19. Cont’d… • The simplest definition is that disease is just the opposite of health i.e. any deviation from normal functioning or state of complete physical or mental well-being.
  20. Optimum health • Health is a continuum with optimum health on the one end and death on the other side. People fall somewhere on the continuum depending on their level of health or illness.
  21. Illness-Wellness Continuum
  22. Illness-Wellness Continuum The transaction from optimum level of health to illness is gradual in nature, where one state ends and the other begins in a matter of judgment. Health and disease lie along a continuum and there is no single cut off point.
  23. Cont’d… • The lowest point in the continuum is death and the highest point corresponds to the WHO definition of positive health. • Thus, a person who is physically, mentally, socially and spiritually healthy is said to be in a state of optimum health. It means people will have access to be born healthy, grow to adulthood and live productive life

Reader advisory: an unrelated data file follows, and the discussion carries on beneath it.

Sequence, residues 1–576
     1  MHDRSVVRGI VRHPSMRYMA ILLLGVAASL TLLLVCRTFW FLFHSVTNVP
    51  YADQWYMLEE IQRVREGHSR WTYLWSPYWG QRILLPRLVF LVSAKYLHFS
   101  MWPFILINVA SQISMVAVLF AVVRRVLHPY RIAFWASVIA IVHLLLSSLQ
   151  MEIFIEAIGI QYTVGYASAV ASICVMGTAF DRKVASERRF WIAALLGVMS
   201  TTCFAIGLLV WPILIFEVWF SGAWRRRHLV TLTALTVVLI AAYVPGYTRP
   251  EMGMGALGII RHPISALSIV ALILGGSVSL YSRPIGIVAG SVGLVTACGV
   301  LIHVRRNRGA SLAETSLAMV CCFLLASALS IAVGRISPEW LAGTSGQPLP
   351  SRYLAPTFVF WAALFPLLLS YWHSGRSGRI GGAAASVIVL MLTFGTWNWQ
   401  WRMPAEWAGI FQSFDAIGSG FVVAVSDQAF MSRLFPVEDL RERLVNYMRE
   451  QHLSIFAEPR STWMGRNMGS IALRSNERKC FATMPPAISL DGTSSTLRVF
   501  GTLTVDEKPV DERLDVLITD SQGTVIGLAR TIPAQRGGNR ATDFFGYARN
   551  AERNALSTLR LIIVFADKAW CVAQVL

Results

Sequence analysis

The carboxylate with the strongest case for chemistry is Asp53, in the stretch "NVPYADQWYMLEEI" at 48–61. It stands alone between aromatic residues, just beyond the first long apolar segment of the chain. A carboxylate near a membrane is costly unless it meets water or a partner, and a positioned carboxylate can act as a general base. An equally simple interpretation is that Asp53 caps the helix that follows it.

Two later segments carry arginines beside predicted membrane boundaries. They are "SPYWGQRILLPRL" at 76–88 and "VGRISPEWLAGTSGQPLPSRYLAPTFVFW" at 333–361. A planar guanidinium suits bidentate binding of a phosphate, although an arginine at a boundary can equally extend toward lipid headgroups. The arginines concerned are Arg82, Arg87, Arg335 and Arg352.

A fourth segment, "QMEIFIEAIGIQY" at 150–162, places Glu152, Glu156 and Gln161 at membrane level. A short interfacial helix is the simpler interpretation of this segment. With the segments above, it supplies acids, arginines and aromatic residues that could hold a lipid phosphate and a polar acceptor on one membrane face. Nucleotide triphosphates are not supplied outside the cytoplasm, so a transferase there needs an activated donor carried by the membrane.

24. Spectrum of Disease • Spectrum of health refers to the range of manifestations and severities of illness associated wit ha given diseases, illness or injury. • The term “spectrum of disease” is a graphical representation of variations in the manifestations of disease
  25. Spectrum of Health and Sickness
  26. Cont’d… • Health and disease lie along a continuum, there is no single cut-off point • The health of an individual is not static; it is a dynamic phenomenon and a process of continuous change • There are degrees or "levels of health" as there are degrees or severity of illness. As long as we are alive there is some degree of health in us.
  27. Cont’d… • At one end of the spectrum are subclinical infections which are not ordinarily identified, and at the other end are fatal illness • In the middle of the spectrum lie illnesses ranging in severity from mild to severe.